Proximal mechanics during stair ascent are more discriminate of females with patellofemoral pain than distal mechanics.Clin Biomech (Bristol, Avon). 2016 06; 35:56-61.CB
Several hypotheses have been proposed to explain the pathomechanisms underlying patellofemoral pain (PFP). Concurrent evaluation of lower limb mechanics in the same PFP population is needed to determine which may be more important to target during rehabilitation. This study aimed to investigate possible differences in rearfoot eversion, hip adduction, and knee flexion during stair ascent; the relationship between these variables; and the discriminatory capability of each in identifying females with PFP.
Thirty-six females with PFP and 31 asymptomatic controls underwent three-dimensional kinematic analyses during stair ascent. Between-group comparisons were made for peak rearfoot eversion, hip adduction, and knee flexion. Pearson's correlation coefficients were calculated to evaluate relationships among these parameters. Receiver operating characteristic curves were applied to identify the discriminatory capability of each.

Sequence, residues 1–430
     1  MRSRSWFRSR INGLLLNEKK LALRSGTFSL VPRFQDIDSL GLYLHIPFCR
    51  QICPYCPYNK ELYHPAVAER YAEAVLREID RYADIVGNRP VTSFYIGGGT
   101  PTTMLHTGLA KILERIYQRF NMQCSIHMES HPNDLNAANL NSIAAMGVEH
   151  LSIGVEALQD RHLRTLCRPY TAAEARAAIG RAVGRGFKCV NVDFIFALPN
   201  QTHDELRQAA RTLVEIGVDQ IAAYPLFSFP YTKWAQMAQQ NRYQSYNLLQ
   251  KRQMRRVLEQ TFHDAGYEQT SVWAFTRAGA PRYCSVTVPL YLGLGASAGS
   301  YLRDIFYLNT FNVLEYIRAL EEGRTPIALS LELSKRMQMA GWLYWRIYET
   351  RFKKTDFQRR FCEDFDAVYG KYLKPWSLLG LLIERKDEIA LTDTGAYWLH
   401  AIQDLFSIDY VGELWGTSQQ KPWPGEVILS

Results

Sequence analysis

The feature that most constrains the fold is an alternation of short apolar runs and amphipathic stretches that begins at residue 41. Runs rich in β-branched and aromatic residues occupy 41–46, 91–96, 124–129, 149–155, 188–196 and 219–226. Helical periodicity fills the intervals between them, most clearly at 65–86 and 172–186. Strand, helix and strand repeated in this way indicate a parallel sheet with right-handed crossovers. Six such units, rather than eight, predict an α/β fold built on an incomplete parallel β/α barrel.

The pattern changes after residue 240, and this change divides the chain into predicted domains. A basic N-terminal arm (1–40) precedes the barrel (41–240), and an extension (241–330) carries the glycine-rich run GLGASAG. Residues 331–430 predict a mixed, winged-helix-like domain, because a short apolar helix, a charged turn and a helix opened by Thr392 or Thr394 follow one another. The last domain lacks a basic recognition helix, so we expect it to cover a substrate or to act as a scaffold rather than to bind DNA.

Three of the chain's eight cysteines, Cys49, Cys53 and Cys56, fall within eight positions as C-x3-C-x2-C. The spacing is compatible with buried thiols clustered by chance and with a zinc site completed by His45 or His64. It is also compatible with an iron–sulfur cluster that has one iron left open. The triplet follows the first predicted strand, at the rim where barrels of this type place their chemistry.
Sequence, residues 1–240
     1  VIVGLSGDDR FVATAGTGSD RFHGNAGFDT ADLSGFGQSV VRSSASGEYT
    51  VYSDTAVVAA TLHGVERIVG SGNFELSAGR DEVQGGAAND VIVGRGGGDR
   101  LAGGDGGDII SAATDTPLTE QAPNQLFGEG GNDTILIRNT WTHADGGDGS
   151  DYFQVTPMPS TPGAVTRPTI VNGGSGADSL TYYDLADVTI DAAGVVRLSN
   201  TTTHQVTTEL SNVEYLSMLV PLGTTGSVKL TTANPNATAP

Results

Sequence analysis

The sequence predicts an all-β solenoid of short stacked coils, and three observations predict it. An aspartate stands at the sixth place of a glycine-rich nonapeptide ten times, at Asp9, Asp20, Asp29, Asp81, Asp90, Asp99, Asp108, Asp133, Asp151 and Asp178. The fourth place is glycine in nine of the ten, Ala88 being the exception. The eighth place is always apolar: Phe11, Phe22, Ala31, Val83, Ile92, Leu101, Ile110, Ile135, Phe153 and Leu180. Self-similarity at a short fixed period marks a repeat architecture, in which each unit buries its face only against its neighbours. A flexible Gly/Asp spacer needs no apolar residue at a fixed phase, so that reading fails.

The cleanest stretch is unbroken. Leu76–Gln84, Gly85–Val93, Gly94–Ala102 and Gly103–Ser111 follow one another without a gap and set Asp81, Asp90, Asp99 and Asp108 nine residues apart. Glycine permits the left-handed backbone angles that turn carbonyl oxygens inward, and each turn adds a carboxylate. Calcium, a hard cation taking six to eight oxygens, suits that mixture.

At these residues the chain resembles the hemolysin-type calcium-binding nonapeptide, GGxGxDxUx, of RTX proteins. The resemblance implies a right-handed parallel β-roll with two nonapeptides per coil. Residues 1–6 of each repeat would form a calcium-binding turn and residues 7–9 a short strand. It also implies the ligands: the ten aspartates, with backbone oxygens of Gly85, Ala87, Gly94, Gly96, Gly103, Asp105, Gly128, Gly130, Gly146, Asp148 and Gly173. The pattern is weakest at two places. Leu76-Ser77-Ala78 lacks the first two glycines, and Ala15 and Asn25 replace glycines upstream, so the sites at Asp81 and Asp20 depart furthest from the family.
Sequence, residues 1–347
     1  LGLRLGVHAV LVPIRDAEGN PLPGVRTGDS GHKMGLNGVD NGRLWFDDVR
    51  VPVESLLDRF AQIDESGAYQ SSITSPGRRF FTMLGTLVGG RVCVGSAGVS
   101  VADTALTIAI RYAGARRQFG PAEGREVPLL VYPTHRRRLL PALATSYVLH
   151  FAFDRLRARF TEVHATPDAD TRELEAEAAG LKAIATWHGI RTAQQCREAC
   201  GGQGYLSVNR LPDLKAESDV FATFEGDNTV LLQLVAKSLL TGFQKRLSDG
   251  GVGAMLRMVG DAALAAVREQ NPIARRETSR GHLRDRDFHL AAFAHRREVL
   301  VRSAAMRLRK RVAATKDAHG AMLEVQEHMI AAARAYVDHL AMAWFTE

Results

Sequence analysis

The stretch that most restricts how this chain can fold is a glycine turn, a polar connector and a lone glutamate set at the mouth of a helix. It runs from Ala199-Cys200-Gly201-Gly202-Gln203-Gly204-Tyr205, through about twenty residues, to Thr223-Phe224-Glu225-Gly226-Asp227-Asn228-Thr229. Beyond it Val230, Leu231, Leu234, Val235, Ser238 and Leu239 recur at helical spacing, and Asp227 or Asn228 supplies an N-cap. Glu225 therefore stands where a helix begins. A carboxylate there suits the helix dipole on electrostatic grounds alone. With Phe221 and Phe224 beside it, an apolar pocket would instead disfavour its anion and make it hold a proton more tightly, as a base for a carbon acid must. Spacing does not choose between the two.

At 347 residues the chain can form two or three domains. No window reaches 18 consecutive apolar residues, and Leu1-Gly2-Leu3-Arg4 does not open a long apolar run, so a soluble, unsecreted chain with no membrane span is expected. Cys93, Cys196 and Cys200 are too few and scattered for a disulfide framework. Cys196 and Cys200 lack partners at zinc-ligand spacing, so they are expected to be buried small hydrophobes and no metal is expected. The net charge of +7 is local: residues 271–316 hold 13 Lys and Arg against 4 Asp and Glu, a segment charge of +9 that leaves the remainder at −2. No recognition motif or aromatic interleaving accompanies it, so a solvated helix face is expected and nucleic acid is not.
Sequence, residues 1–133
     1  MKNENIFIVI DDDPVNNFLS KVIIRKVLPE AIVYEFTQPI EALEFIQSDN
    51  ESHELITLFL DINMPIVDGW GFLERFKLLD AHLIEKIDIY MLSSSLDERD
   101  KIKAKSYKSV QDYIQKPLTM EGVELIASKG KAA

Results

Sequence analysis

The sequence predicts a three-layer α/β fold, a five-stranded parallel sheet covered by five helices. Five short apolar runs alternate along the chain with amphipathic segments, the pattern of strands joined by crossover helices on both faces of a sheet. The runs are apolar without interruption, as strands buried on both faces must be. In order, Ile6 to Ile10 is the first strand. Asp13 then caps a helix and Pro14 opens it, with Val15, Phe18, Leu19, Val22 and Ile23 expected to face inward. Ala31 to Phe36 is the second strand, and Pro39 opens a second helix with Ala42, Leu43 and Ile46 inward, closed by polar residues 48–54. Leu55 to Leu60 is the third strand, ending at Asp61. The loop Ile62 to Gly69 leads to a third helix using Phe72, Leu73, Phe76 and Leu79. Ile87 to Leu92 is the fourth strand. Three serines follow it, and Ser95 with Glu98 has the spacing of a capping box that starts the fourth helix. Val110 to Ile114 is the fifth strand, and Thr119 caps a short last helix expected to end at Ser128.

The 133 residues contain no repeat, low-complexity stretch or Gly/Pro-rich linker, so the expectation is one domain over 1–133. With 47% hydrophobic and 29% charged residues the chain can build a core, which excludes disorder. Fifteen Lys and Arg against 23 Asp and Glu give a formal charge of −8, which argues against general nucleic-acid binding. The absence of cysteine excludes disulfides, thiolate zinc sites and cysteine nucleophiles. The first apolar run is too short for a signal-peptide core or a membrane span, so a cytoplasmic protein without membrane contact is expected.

Females with PFP ascended stairs with reduced peak knee flexion, greater peak hip adduction and peak rearfoot eversion. Peak hip adduction (>10.6°; sensitivity=67%, specificity=77%) discriminated females with PFP more effectively than rearfoot eversion (>5.0°; sensitivity=58%, specificity=67%). Reduced peak hip adduction was found to be associated with reduced peak knee flexion (r=0.54, p=0.002) in females with PFP.
These findings indicate that proximal, local, and distal kinematics should be considered in PFP management, but proximally targeted interventions may be most important. The relationship of reduced knee flexion with reduced hip adduction also indicates a possible compensatory strategy to reduce patellofemoral joint stress, and this may need to be addressed during rehabilitation.